From the moment 2000's Rated R was released, and "Feel Good Hit Of The Summer" infected public consciousness with its psychotic "nicotine, valium, Vicodin, marijuana, Ecstasy, and alcohol" chant, Queens Of The Stone Age became more than just another stoner-rock band. Thanks to the Pied Piper-style proselytizing of onetime co-frontmen Josh Homme and Nick Oliveri, Queens emerged as virtual spokesmen for a new subculture of dropouts and dissidents inspired by hedonism and sustained by licentiousness.
Fast-forward seven years, and the instant fame that came with the 2002 Dave Grohl collaboration Songs For The Deaf has faded, bad-boy Oliveri is gone, (his forced exit was chronicled in 2005's Lullabies To Paralyze), and life is different for sole proprietor Josh Homme, now a married man with a 1-year-old. More than anything else, Era Vulgaris reads like a reckoning with the changes.
Slower, moodier, and groggier than anything the group has done before, the album is reflective, questioning, self-deprecating, and critical. Everywhere the concept of consequences permeates the old-school amoralizing. "I'm a mess, I guess," Homme sings on the wonderfully Led Zeppelin-esque "Turnin On The Screw." "There is no safe place," he repeats on the pummeling "Run, Pig, Run." Ostensibly, it's a threat. But sung in chilling falsetto, it feels like an anti-self-affirmation.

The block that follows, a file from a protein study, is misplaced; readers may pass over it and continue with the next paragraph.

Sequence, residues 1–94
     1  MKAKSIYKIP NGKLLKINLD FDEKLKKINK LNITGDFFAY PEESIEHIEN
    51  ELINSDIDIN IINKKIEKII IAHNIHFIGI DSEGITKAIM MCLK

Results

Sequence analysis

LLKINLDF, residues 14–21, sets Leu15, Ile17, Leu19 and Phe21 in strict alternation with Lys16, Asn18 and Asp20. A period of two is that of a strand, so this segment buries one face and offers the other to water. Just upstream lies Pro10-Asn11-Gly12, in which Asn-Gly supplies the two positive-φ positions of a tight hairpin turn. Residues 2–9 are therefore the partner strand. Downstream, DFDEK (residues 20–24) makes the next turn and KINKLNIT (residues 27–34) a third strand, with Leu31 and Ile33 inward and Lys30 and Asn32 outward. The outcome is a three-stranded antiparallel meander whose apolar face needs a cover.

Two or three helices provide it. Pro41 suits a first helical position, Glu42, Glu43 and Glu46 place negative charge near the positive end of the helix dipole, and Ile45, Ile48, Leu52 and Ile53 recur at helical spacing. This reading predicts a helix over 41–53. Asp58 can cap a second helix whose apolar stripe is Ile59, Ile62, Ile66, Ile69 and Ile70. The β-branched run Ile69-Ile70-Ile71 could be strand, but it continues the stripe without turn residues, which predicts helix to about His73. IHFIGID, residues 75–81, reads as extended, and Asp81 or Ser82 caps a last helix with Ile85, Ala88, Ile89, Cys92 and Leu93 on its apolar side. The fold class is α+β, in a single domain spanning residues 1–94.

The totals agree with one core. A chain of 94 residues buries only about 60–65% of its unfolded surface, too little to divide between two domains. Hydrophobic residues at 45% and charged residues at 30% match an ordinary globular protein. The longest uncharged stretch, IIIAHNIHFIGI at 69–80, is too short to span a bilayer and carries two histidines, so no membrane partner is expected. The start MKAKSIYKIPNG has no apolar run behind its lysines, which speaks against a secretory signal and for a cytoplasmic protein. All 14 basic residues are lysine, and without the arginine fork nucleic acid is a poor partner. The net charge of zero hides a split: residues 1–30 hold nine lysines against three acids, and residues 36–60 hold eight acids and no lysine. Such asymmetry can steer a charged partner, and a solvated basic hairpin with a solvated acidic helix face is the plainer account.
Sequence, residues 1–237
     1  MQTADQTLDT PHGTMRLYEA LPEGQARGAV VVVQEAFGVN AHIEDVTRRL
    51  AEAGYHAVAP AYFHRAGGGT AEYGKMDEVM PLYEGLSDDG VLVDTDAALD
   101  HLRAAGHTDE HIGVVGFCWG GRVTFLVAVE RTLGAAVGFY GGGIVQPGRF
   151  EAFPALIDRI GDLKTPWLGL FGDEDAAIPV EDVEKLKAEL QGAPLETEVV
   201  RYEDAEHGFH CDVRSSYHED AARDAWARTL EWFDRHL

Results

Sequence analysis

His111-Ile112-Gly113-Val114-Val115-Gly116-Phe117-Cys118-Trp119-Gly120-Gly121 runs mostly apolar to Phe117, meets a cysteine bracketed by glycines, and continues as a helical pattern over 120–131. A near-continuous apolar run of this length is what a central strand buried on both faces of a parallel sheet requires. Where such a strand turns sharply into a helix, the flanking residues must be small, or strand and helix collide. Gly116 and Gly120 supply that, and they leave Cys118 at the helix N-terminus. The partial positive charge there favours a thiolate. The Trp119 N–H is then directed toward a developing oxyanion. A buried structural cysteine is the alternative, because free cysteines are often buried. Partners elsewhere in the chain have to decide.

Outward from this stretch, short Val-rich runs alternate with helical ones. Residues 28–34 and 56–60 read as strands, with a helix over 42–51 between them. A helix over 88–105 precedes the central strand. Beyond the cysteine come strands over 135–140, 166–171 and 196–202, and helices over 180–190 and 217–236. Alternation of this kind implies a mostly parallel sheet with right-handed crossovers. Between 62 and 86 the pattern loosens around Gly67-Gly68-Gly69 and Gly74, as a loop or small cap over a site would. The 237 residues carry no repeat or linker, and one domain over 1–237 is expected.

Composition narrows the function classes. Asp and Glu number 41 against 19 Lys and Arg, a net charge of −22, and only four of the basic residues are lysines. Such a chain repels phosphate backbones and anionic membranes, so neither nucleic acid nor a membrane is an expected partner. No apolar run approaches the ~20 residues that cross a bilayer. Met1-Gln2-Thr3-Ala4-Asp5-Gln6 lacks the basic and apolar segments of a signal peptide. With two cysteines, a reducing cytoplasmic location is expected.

Recorded with exactly zero input from Interscope Records, Era sounds like an effort to pull away from commercial radio and actually cultivate a smaller, indie-er fan base. At times, the approach backfires as a particularly curdled riff turns self-indulgent—witness the forced, mechanical-sounding "Battery Acid." And a few songs suffer from too many good ideas sandwiched into a conventional four-minute format. But where the band relaxes and settles into its dark groove, as on the haunting, Motown-ish "Make It Wit Chu," Era Vulgaris gets it just right.